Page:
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Source #3
This article from Appleseeds magazine is about hiking in the Grand Canyon.

Take a Hike!
by Kathiann M. Kowalski

Each year, more than 250 hikers need assistance at the Grand Canyon. If you plan ahead and use safety smarts, you can avoid becoming number 251! And you can have a great hiking adventure.
The Lay of the Land
• Know what to expect. The Grand Canyon is like an upside-down mountain, notes National Park Service Ranger Marc Yeston. Hiking down is much easier than climbing out. The park’s website suggests allowing twice as long to climb up as it took to go down.
• Be realistic about your abilities. Start with short hikes. DON’T try hiking all the way down the Grand Canyon and back in one day.
• Get trail maps and read rules. Day hikes in the canyon require no permits, but overnight hikes do. Some trails have bathrooms and water during parts of the year.
• Kids: Always hike with an adult.
• Tell friends or family members about your plans.
Know what the weather is going to be like, says Ranger Yeston. Then prepare for the worst. Carry extra clothes and flashlights in case it’s dark when you return.
People hike every day of the year, notes Ranger Yeston, but each season brings special risks. Ice is a danger in winter. In the summer, temperatures at the bottom of the canyon can soar to 115° F! When it’s hot, smart hikers travel before dawn or after sunset during the cooler times of day. Spring and fall have warm, pleasant days, but nights get frigid. And storms can crop up any time, in any season.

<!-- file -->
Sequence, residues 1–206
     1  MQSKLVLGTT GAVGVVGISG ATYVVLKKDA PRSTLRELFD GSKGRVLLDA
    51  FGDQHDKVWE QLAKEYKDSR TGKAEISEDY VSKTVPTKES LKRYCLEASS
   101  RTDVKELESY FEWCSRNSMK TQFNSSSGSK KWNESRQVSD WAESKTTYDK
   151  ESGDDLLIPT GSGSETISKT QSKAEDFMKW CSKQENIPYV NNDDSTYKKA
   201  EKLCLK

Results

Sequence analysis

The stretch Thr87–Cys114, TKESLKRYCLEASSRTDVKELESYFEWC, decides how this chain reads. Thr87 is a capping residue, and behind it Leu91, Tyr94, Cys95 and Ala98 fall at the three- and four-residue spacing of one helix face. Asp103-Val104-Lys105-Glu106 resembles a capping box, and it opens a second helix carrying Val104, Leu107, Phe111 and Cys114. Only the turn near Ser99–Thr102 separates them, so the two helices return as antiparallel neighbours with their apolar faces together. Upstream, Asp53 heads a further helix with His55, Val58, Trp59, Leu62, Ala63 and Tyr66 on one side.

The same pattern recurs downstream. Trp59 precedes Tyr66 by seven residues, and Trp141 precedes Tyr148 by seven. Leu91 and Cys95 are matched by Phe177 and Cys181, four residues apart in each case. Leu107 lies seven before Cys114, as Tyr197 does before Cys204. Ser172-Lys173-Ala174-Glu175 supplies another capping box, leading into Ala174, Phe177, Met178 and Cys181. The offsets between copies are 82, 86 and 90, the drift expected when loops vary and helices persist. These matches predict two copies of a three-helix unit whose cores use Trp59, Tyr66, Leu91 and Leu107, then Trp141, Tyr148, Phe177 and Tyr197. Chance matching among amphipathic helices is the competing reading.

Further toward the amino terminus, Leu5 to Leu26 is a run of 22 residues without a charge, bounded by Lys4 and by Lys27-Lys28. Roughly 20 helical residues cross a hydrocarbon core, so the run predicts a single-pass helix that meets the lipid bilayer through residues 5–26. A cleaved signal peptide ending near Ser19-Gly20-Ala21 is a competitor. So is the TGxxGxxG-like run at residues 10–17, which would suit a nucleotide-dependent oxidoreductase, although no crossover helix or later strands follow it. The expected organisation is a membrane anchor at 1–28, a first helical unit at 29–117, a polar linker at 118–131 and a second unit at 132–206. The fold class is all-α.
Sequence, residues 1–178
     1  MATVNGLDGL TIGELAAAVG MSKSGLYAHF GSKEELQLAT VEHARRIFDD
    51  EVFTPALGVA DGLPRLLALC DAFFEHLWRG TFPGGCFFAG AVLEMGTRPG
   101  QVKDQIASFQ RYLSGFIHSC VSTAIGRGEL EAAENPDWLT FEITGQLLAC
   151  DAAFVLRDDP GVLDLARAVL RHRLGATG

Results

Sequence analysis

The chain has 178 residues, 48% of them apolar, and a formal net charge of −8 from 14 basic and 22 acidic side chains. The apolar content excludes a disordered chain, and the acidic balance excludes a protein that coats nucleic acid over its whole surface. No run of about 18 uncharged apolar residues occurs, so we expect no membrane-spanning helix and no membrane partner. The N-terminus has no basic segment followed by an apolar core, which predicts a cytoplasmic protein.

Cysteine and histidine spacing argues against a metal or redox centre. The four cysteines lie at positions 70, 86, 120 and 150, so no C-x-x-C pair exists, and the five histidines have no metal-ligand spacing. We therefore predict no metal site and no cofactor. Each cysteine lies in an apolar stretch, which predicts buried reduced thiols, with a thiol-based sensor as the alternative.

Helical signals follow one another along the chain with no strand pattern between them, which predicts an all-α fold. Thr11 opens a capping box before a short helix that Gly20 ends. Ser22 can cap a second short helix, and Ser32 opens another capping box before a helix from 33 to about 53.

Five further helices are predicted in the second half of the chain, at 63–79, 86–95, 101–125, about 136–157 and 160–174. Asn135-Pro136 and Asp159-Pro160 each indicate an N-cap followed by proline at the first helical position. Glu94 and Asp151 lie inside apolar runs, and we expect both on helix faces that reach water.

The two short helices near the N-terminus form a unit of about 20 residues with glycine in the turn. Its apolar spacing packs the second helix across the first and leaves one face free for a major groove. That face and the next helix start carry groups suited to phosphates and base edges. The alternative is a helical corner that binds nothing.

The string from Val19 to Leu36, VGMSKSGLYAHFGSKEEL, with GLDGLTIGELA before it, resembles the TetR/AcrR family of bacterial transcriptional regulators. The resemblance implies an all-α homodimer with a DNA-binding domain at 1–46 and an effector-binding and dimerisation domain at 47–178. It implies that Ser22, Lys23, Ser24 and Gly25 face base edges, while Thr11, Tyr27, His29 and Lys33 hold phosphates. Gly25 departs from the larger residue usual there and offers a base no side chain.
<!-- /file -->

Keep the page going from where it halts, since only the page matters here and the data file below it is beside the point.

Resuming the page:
On the TrailDo’s and Don’ts
• Don’t hike alone. Do use common sense and safety smarts. Avoid the trail edges.
• Do carry plenty of food, water, and salty snacks. They provide energy and replace water and salts lost through sweat. Enough water can make the difference between an enjoyable experience and a dangerous situation.
• Do rest often in the shade.
• Do wear good, comfortable hiking shoes and socks.
• Do carry hiking poles if you can, especially in steep spots.
• Do watch out for wild animals. If you are lucky enough to encounter one, don’t feed or try to touch it.
• Do remember that mules use hiking trails too. To avoid accidents, wait quietly on the inner side of the trail until they pass.
• Don’t litter. Do respect the environment and carry out all trash. Then everyone can enjoy nature’s beauty!
Take a Hike! by Kathiann M. Kowalski. Copyright © 2008 by Carus Publishing Company. Reprinted by Carus Publishing Company.